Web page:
The fearless and provocative Tangos of Argentina were initially banned. After perfecting his own style of tango with Nadia Boulanger, Astor Piazzolla, himself an acclaimed bandoneónist, developed a new, greatly sophisticated Tango that was suitable for the concert hall. This one is one of Piazzola's latest works, commissioned by the great cellist Rostropovich and premiered by him in1990. 



All tracks were recorded by David Hinitt on March 21st 2007
Recorded at St.Nicholas Church, Great Munden, by kind permission of Howard Guard.

Eleanor would like to thank Brynmor Williams of Salvi Harps Ltd for the use of a beautiful Salvi 'Apollo' for this recording.

Design by Alice Palace:

©2007 Arts in Fusion

Album Information

Instruments:     Cello and Harp Duets
Genre: Classical
Format: CD
Our Ref: A0162
Label: Arts in Fusion
Year: 2007
Origin: UK

Artist Information & Contact Details

Photograph of the Calvert Turner DuoEl Paño Moruno is a selection of the music we love to play and perform -we hope that you enjoy it too! The soundworld of the cello and harp duo seems to know no boundaries. This has been an inspiration to us since we started playing together in 2003 and has let us have a rare insight into music from around the world.

Born in Essex in 1982, Eleanor Turner learning the harp at the age of five and went on to study at the Royal College of Music Junior Department with Daphne Boden. In 1997, aged fifteen, Eleanor won the Audi Junior Musician Strings Final, which led to her concerto debut at the Queen Elizabeth Hall in London. It was this performance, with the Academy of St. Martin-in-the-Fields conducted by Daniel Harding, which inspired Eleanor's career as a harpist.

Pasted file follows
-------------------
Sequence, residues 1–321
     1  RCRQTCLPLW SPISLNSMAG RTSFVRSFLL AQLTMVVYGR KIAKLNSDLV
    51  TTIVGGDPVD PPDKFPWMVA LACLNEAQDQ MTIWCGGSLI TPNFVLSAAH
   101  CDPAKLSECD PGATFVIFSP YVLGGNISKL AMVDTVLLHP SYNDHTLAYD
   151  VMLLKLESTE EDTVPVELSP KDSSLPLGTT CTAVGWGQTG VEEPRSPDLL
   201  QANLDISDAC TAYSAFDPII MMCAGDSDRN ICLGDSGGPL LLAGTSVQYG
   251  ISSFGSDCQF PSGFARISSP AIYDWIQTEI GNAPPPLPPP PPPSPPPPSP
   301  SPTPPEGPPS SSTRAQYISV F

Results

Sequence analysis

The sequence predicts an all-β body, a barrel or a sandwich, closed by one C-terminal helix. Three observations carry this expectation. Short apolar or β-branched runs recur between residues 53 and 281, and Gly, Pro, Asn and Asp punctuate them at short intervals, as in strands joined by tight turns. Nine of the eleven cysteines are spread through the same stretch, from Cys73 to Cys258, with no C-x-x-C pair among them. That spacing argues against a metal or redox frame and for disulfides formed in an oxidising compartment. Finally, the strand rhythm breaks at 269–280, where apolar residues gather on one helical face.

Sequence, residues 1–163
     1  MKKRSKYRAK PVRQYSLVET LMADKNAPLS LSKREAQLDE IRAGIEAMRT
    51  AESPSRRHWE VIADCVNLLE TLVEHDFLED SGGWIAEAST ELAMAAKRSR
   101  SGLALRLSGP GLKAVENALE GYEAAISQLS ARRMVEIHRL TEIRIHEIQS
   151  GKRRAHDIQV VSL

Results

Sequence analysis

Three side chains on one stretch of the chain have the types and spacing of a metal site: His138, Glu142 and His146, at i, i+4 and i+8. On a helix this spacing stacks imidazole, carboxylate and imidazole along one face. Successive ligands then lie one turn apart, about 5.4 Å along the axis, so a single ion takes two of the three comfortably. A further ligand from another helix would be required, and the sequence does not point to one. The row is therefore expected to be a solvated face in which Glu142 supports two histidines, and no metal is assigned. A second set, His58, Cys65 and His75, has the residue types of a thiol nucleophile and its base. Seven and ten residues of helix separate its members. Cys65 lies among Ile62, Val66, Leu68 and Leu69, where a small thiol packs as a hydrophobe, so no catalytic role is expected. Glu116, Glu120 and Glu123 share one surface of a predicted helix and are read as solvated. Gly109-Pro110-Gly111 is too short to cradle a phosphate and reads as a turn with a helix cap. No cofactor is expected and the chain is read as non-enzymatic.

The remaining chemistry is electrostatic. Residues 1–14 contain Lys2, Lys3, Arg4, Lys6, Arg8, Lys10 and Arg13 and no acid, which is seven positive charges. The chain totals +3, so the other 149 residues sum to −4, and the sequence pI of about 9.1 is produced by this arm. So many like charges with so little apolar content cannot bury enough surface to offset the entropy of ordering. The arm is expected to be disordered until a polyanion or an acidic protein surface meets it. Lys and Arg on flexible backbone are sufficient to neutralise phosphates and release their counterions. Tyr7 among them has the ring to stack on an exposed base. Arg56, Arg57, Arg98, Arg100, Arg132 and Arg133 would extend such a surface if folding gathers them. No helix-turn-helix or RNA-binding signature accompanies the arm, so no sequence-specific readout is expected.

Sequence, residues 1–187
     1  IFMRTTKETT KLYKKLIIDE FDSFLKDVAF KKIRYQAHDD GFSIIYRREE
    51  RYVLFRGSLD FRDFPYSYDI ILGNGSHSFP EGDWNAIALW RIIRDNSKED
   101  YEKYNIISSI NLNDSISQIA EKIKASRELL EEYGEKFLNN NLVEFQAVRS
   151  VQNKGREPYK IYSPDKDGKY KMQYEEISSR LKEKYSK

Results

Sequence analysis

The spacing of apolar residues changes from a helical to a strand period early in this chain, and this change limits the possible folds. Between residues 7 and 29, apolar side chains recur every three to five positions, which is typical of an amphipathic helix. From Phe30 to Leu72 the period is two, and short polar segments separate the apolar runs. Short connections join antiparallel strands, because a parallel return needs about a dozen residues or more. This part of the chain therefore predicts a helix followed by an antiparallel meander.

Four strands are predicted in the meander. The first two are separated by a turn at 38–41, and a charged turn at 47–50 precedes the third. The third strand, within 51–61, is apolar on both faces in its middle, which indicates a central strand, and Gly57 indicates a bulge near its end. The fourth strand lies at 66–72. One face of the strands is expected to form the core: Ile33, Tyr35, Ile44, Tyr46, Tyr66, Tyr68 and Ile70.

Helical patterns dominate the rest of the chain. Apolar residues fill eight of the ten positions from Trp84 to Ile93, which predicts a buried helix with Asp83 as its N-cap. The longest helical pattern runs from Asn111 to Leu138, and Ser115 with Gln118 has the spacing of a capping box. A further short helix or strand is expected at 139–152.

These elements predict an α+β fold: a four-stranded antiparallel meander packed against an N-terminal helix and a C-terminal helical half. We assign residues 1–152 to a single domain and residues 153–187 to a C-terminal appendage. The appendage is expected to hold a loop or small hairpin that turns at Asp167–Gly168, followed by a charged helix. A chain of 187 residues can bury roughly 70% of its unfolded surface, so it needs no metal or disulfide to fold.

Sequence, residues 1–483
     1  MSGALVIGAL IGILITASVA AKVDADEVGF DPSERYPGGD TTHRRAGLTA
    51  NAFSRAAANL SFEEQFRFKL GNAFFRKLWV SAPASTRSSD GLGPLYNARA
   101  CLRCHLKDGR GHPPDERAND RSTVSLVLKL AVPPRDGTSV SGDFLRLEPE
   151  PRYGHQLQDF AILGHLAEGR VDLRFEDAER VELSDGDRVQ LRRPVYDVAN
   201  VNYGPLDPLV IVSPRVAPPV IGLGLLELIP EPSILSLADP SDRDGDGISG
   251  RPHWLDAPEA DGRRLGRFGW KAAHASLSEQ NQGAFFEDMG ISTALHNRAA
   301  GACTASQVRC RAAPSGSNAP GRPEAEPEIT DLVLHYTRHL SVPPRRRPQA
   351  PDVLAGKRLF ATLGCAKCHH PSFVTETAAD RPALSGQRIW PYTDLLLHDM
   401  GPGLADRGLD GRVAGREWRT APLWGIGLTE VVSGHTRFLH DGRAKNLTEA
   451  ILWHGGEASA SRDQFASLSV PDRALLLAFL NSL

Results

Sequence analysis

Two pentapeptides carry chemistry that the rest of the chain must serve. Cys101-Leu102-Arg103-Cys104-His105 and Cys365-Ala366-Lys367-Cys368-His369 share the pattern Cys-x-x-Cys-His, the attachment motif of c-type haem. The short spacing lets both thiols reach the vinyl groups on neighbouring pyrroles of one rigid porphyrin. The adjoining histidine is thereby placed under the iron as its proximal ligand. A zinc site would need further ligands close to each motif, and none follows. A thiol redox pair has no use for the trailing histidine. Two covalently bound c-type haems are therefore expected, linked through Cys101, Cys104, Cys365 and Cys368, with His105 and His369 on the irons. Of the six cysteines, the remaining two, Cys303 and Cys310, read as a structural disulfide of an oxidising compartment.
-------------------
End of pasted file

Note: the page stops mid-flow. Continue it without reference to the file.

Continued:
Since 2000 Eleanor has studied with Alison Nicholls and won the Royal Overseas League Annual Music Competition Award for Strings and Marisa Robles Harp Prize in 2002. Eleanor was chosen for a Philip and Dorothy Green Award for Young Concert Artists in 2005 and won 2nd Prize in the Wales International Harp Competition 2006.

Eleanor lives in Stamford, Lincolnshire, where she composes and teaches as well as giving performances in the UK and abroad, both as soloist and as duo partner to her cellist, Rowena Calvert. She released a solo album called Childsplay in 2006, enjoys walking, dancing, listening to detective stories in the car and is mum to Iñaky.

Rowena Calvert was born in 1983 and began to play on an eighth size cello that her father restored for her when she was five. Having been awarded a scholarship to study with Ruth Beauchamp at St.Mary's Music School, Edinburgh, Rowena left her parents' croft in Scotland at the age of seven. Another Scholarship took her to The Yehudi Menuhin School where she studied with Leonid Gorokhov and had  masterclasses with Mstislav Rostropovich, Steven Isserlis and Bernard Greenhouse.

Rowena was a BBC Young Musician 2002 National String Finalist and has given solo performances at the Wigmore Hall, Royal Festival Hall, the UNESCU Celebrations (Paris), the British Council (India), Kronberg Cello Festival (Germany) and a concerto with the London Mozart Players.

Her college years began in London where she studied with Paul Watkins at the Royal Academy Of Music. Before long, Rowena's passion for travel took her to India where she performed in festivals and on television. As well as collaborating with Indian musicians she also taught the cello there for six months. On her return she received a scholarship to study with Hannah Roberts at the Royal Northern College of Music. After receiving 100% in her undergraduate Final Recital, Rowena was awarded the Leonard Rose Award 2006.She then went on to study for a PGDip at the RNCM with Hanna Roberts. Rowena has been honoured with numerous awards including the Busenhart - Morgen Evans Award from the Worshipful Company of Musicians, the Haworth Trust for cellists, an Ian Flemming Award from the Musicians Benevolent Fund, a countess of Munster Award and Jellineck Award.


Contact Details Eleanor Turner
Arts in Fusion
18 Doughty Street
+44 (0)1780 766559
+44 (0)7811 444935
Artists Web Site